Getting Rid of a Computer?

Vintage computer collecting and restoring is my passion so  I am always looking for interesting computers and related software, documentation and peripherals that may not be in my collection.   I am particularly interested in Canadian computers so they can be displayed at this site for all to see and appreciate. 

Items I am specifically looking for:

  1.  MCM/700 or MCM/800 computer from Micro Computer Machines or any related items and/or documentation – Designed and built in Ontario, Canada, these computers are pretty awesome feats of early Canadian computing technology.  I’d love to try to collect all of the MCM machines.
  2. MIL MOD-8 or any Microsystems International Limited chips and/or documentation– Another early Canadian technology company.  Microsystems International Limited produced computer chips and had a computer development system called the MIL Mod-8 to highlight it’s Intel 8008 second-sourced chip with the MIL MF8008 moniker.  I am trying to collect an MIL chips but have only been successful finding an MF8008.
  3. Telidon related computers/terminals – In elementary school, our class was shown a Telidon terminal and we were able to interact with it for a short period of time.  This fascinated me and got me interested in the computer field.
  4. CEMCorp / Burroughs / Unisys ICON computer equipment, software and documentation – I have a Cemcorp ICON but I am in desperate need of a Lexicon server that the ICONs talked to.  it would also be lovely to have a second ICON so I can have more than one client on the network.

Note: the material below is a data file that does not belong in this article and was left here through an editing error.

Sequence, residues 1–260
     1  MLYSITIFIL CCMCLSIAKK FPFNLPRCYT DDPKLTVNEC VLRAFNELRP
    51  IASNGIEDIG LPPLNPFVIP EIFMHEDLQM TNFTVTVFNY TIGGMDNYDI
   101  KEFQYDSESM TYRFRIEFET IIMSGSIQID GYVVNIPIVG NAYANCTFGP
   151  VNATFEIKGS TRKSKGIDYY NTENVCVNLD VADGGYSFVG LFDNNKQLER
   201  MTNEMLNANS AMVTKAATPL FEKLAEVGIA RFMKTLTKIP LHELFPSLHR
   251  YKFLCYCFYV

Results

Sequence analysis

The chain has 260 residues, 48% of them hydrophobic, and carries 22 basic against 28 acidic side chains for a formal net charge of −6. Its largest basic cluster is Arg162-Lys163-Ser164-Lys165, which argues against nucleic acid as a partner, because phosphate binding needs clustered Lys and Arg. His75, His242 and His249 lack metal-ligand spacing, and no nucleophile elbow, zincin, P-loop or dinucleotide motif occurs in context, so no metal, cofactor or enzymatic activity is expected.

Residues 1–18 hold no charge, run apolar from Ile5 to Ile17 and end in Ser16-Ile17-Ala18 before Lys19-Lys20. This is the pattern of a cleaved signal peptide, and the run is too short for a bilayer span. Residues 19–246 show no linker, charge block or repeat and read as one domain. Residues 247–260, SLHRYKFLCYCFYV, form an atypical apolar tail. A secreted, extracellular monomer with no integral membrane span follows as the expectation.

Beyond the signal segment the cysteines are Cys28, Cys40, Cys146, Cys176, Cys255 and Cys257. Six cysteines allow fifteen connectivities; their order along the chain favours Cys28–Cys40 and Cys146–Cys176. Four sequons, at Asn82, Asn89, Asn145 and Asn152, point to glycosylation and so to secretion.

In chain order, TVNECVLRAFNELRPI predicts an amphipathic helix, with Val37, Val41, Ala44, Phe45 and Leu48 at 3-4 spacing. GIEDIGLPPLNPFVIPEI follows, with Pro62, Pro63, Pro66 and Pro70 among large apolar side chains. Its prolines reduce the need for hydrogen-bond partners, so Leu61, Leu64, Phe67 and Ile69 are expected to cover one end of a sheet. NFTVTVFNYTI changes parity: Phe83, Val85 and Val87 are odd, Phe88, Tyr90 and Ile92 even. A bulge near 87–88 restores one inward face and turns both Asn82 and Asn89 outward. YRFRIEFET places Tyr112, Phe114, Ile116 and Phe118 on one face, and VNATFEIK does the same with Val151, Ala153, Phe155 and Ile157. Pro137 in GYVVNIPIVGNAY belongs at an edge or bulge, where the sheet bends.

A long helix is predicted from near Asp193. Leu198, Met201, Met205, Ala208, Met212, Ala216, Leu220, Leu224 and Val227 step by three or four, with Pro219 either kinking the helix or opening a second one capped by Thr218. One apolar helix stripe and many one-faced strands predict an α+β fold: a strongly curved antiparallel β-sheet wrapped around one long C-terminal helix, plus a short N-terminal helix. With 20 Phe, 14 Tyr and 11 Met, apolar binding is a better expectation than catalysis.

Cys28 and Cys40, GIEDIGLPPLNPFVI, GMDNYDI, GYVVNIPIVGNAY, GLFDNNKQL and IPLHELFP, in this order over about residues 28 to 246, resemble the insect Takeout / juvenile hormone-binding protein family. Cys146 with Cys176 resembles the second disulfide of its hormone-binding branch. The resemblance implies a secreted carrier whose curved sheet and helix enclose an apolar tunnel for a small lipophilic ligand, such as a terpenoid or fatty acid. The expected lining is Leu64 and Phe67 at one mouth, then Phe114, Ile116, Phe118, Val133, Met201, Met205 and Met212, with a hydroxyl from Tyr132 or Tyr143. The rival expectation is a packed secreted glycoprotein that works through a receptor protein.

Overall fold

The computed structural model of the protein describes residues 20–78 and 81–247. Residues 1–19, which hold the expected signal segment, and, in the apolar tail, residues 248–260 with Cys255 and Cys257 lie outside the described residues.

5. NABU related hardware, software and/or documentation – I have a few NABU pieces but I am always interested in whatever else I can collect of this very versatile company.
  6. Dynalogic computers –  While i think I have the Hyperion covered, I don’t have any other equipment from Dynalogic.  I’d be interested in anything that may be out there.
  7. The Mimic Spartan – A Canadian company out of Vancouver produced an add-on to the Commodore 64 that was essentially an Apple II crafted into an add-on device.  As a big Commodore fan, I would live to find one of these or any information on them so I can cover it on the website.
  8. AdLib sound card hardware and documentation –  A Canadian company out of Quebec, Canada,  they made sound cards and other hardware while they were in business.  I would love an AdLib Gold card but those are very rare.
  9. Commodore computers – I have a very good collection of Commodore equipment but there are always holes in my collection.  The Commodore 64 was the first computer I bought and the Commodore PET was the first computer I had used in school.

If you have a computer that you will be discarding or you’d like to sell, add a comment below or email me, if you prefer.  I am always happy to cover the cost of shipping if it’s a computer that I need to add to the collection.   You can email me at

Thank you for visiting.

Santo Nucifora


3 Responses

  1. Bill says:

    Are you familiar with a Canadian company called Zap Systems from the late 70s/early 80s ? IIRC they made an S-100 based system – I recall seeing pieces of it in an electronics store on Church Street (?) in Toronto. The processor board was a Signetics 3000 bipolar 8080 emulator board with an iSBC to S-100 bus adapter. The most striking relic was a colour monitor in a spherical gold-coloured case about 18″ in diameter (picture that on your office desk). I haven’t found mention of it anywhere.

    • admin says:


      I have personally not heard of Zap Systems and spent a little seeing if I could find anything on the company but came up short. I will definitely keep this in mind as I continue to seek out vintage Canadian computer technology. If you happen to find anything, do let me know. If I find something I will do the same. Thanks for reaching out.


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